I admit it: I’m a hopeless romantic when it comes to gardening. That’s why the idea of a moonlit garden appeals to me: I imagine moonflowers unfurling their buds after dark, their frilly blossoms reflecting the pale light. I love the way petunias release their fragrance after the sun goes down, filling the air with soft perfumes.
There are so many reasons to grow a moon garden—including the not-so-romantic reason that by the time most of us get home from work, the sun is setting and shadows are stretching over our yards. Our busy schedules force us to think about how we can enjoy our flowers at night—or wait until the weekend to wander around and see what’s blooming.
A few years ago, I planted a patch of white, silvery and gray plants, hoping they’d catch the moonlight in the evening. I wanted to be able to come home, kick off my shoes, and sink into a lawn chair on summer nights, just for an hour or so. I knew an after-dark garden would be an altogether different experience from one I’d visit in the daytime, but that was okay. I just wanted a little time to Zen out with my flowers.
And guess what? My moon garden worked pretty well.
Okay—it didn’t glow and shimmer quite as magically as I’d imagined, but many of the creamy or snowy-white blossoms I planted did reflect some of the ambient light. It was enough—combined with a few carefully placed candles—to let me enjoy my garden when I could, even if it was after sundown.
I discovered something else, too, when I aimed a small spotlight over the surface of our tiny pond. My neighbor, whose house sits on a hill high above mine, was coming out at night to admire my garden, too. He was too far away to see the flowers, but the spotlight, he said, glimmered like a miniature moon in the dark water. How poetic! Seems I had my romantic night garden, after all. You can grow one, too; just choose white or light-colored flowers, shrubs and foliage plants.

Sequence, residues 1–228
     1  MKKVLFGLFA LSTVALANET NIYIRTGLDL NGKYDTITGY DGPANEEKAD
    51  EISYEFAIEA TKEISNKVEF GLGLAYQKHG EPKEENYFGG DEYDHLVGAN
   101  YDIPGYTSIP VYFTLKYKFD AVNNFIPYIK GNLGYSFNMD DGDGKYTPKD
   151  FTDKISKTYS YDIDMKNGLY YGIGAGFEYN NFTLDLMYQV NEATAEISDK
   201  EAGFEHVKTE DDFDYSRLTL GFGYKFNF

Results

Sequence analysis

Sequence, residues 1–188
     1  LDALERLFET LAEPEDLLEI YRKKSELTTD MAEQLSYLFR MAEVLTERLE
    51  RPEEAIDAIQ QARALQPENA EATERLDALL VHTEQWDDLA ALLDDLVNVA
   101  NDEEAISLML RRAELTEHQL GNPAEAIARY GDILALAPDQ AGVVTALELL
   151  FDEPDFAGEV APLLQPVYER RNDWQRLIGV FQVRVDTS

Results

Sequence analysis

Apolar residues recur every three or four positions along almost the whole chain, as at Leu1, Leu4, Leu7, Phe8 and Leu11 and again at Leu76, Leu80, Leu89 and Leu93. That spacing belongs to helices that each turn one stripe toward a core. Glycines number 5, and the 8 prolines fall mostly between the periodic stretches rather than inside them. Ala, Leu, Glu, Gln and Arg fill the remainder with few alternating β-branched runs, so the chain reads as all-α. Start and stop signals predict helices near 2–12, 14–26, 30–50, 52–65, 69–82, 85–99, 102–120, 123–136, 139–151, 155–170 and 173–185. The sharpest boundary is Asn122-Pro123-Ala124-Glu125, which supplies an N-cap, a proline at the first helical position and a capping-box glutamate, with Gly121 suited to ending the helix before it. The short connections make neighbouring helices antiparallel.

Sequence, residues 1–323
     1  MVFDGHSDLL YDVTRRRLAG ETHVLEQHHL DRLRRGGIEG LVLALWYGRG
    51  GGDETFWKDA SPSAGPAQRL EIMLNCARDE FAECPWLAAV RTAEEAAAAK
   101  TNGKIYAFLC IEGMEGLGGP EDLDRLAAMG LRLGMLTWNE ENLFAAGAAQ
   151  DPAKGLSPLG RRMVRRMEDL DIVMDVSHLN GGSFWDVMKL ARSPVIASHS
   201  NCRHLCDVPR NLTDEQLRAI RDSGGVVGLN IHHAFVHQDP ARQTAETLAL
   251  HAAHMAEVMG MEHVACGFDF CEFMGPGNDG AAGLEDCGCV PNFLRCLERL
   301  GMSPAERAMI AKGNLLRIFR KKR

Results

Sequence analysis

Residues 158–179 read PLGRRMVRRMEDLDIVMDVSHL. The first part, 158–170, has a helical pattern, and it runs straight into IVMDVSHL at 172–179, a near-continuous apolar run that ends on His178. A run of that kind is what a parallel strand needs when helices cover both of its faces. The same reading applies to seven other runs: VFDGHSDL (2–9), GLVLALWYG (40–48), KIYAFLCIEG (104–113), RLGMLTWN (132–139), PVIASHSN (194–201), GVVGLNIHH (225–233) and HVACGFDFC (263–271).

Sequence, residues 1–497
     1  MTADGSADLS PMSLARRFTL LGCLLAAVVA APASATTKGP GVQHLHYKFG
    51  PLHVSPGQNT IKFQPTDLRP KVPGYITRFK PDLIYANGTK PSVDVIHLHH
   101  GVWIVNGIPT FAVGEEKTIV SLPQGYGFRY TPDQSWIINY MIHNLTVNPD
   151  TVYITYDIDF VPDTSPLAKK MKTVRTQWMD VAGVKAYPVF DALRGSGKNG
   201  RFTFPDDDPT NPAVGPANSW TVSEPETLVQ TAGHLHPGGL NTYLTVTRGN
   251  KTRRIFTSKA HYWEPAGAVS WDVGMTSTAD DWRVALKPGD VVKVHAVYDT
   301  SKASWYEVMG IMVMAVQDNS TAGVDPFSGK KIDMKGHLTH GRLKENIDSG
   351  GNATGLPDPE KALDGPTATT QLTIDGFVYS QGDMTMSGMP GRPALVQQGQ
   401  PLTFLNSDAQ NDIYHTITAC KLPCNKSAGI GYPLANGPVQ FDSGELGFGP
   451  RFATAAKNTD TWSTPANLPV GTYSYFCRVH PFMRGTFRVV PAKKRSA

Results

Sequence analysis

Plants for a Moonlit Garden
Once you start shopping for flowers for a moon-garden, you’ll discover there are many shades of white. Look for blossoms that are icy-white, eggshell, ivory, cream, vanilla or pearl.
Variegated plants that work with this theme too, like caladiums with big, heart-shaped leaves. Light-colored caladium choices include ‘White Queen’,‘Candidum’ or ‘Moonlight.’
Spring Flowers for A Moon Garden:
- Daffodil (Narcissus) ‘Mount Hood’, ‘Cheerfulness,’ or ‘Stainless’
- Tulip ‘String of Pearls’, ‘Maureen,’ or ‘Mount Tacoma’
- Hyacinth ‘White Pearl’ or ‘Carnegie’
- Bleeding Hearts ‘Alba’
- Lilies of the Valley
- Sweet alyssum
Also try: white snapdragons, iris, delphiniums, lupines, crocuses and snowdrops.
- Coneflower ‘White Swan’
- Hydrangea ‘Annabelle’ or ‘White Swan’
- Butterfly bush ‘White Profusion’
- Moonflowers (Ipomoea alba)
- ‘Alba’ four o’clocks (Mirabilis jalapa)
- White flowering tobacco (Nicotiana alata)
- ‘Casa Blanca’ Oriental lilies
- Rose ‘Iceberg’, ‘Lace Cascade’,‘Sally Holmes Antique Climbing’ or ‘Lady Banks White’
Late Summer Into Fall Flowers:
- Clematis ‘Sweet Autumn’
- Dahlias ‘White Perfection’ ‘Eternal Snow’ and ‘Playa Blanca’
Besides flowers and foliage, use garden accessories to add some sparkle to your garden. A mirrored gazing ball on a pedestal shimmers with reflected light, while Tiki torches can brighten a sitting area or trail. String tiny white lights (the star-shaped ones are especially nice) from branches, or hang battery-powered paper lanterns. Solar-powered lamps will illuminate a walkway after the sun goes down.
Pour bleached pebbles or crushed granite in pathways to reflect the light, too. Just be careful that any materials you use won’t roll around underfoot and cause anyone to fall.
Try silver and gray plants in a moon-garden, too, such as lamb’s ears, Artemisia, Dusty Miller, and licorice plant.